Symbolism In Alice Walker's Everyday Use

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“Everyday Use” is a wonderful story that has a very clear, understandable theme throughout the whole story. It is an example of finding the balance between accepting your heritage and really understanding your roots. The main theme is embracing and understanding your heritage. This is seen in the way Dee feels about her family, the way she speaks to her family, and also it is shown through several symbols: the house, a quilt and a butter churn. Dee is not proud of her family. In fact, she is quite embarrassed of them. She said in her letter that “she would manage come [and visit]… But she [would] never bring her friends” (par. 14). Dee was born into a Negro family. It easy to spot the hostility that Dee has for her heritage and for her family. The narrator, Mama, mentions that Dee is “lighter” (10) than other members of her family. This means that she did not fit into her African American culture nor is she welcomed into white…show more content…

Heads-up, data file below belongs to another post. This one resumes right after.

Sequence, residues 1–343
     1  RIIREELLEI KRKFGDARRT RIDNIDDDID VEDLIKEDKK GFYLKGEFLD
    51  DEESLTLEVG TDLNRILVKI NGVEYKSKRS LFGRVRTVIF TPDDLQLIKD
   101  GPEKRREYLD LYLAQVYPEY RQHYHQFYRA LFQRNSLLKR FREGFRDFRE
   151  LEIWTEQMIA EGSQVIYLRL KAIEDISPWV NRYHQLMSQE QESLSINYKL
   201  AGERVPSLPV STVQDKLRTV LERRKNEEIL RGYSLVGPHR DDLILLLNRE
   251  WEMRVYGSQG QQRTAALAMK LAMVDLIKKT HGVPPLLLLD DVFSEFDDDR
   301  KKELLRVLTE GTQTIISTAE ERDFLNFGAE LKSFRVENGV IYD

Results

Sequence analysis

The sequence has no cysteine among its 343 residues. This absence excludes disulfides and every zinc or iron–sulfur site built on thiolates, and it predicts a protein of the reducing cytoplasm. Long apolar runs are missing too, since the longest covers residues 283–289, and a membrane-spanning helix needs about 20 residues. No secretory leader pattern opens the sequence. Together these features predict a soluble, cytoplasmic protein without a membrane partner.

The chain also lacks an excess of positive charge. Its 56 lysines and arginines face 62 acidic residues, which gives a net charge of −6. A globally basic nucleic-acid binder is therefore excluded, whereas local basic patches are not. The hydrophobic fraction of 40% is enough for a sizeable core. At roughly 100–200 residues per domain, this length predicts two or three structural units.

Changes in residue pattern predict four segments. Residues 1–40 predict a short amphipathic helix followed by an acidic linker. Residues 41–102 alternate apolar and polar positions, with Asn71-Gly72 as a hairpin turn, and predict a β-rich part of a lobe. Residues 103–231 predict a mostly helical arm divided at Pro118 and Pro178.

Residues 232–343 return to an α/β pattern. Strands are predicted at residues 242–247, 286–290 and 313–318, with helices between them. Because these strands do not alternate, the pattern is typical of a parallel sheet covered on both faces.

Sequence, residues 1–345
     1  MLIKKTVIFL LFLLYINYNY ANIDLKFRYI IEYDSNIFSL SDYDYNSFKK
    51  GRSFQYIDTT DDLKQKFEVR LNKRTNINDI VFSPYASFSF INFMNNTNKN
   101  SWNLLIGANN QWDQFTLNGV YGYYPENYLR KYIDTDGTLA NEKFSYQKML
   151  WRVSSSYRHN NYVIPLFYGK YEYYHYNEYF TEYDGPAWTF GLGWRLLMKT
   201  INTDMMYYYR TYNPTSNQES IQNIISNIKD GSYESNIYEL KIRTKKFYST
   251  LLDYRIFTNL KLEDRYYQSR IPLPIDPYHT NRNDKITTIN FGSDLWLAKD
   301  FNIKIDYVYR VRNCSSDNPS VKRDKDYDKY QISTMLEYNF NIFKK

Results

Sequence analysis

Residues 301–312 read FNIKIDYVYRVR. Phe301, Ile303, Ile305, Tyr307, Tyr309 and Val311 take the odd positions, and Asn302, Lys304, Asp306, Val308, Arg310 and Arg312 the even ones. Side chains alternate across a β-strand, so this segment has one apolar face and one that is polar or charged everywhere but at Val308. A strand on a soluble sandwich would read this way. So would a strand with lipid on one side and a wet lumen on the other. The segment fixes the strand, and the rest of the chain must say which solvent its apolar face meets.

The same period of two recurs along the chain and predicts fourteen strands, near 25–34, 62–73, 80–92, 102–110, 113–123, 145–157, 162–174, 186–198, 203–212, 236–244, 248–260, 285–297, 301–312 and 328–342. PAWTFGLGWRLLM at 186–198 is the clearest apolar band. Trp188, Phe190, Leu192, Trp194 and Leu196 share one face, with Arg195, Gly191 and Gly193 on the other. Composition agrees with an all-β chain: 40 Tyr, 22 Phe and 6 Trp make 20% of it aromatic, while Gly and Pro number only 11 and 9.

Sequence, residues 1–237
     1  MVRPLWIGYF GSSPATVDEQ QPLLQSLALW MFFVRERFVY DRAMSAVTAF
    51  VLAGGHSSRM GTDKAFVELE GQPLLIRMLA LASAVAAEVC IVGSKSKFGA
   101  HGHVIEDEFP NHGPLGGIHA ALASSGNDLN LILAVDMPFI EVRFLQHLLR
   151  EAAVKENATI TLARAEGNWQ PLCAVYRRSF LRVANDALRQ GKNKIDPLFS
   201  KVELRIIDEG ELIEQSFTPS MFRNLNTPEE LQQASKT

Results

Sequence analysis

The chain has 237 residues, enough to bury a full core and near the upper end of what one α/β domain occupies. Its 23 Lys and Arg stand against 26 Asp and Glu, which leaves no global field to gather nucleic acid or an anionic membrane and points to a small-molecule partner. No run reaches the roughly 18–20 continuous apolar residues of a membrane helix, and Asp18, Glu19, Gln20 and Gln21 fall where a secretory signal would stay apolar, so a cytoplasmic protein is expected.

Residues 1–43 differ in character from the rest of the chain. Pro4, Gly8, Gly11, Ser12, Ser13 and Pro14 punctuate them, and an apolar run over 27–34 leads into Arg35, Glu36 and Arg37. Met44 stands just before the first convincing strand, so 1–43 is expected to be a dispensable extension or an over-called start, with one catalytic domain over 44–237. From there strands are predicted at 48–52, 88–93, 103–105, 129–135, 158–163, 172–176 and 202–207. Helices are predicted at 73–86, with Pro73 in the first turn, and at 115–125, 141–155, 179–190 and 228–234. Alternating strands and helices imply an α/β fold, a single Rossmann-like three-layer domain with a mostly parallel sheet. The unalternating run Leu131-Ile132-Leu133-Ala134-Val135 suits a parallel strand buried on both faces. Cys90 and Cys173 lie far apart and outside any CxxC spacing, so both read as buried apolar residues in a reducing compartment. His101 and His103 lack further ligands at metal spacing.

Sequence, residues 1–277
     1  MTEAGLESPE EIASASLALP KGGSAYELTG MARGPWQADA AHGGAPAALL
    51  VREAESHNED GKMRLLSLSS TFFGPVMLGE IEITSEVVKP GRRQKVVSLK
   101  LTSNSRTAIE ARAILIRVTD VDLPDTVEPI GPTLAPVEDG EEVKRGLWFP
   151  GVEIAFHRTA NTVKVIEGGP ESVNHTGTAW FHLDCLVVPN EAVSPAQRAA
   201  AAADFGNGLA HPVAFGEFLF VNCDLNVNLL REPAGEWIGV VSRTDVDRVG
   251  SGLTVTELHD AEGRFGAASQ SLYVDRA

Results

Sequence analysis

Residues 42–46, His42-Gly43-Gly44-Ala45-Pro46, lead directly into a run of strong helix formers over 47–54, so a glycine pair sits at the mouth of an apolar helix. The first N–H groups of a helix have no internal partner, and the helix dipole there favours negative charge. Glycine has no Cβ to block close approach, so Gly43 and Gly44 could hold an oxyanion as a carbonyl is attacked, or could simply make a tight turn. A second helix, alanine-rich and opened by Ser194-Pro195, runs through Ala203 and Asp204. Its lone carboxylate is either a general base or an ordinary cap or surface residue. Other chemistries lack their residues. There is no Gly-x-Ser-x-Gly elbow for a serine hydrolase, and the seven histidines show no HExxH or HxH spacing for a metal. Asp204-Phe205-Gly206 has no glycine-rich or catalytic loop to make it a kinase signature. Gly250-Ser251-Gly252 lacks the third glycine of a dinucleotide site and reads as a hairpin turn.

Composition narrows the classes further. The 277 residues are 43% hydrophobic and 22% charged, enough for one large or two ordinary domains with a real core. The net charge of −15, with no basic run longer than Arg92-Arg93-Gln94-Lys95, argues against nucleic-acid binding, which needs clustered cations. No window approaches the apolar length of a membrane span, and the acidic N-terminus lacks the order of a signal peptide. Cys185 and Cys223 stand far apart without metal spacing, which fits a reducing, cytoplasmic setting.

They are kept in a trunk at the end of Mama’s bed. Dee shuffles through the trunks, finds the quilts and asks Mama for them. Although Dee asks oh so sweetly, Mama takes a moment to ponder the question. Mama knows that she had offered a quilt to Dee before she went off to college but Dee had refused it because she thought was old-fashion. She still does not want to use them. She wants them to hang them on her wall as a prize that she has won. She wants them to be her trophy, something that she has been granted. The quilts were not made to be used like that. They were sewn by Grandma Dee, the woman that Dee was named after, with pieces of clothing from different eras of the family’s history (55). When Mama tells Dee she cannot have the quilts, Dee throws a fit. Dee desperately must have the quilts but she does not understand the true meaning of the quilts. They are living proof of her family’s heritage and Dee did not realize the meaning behind

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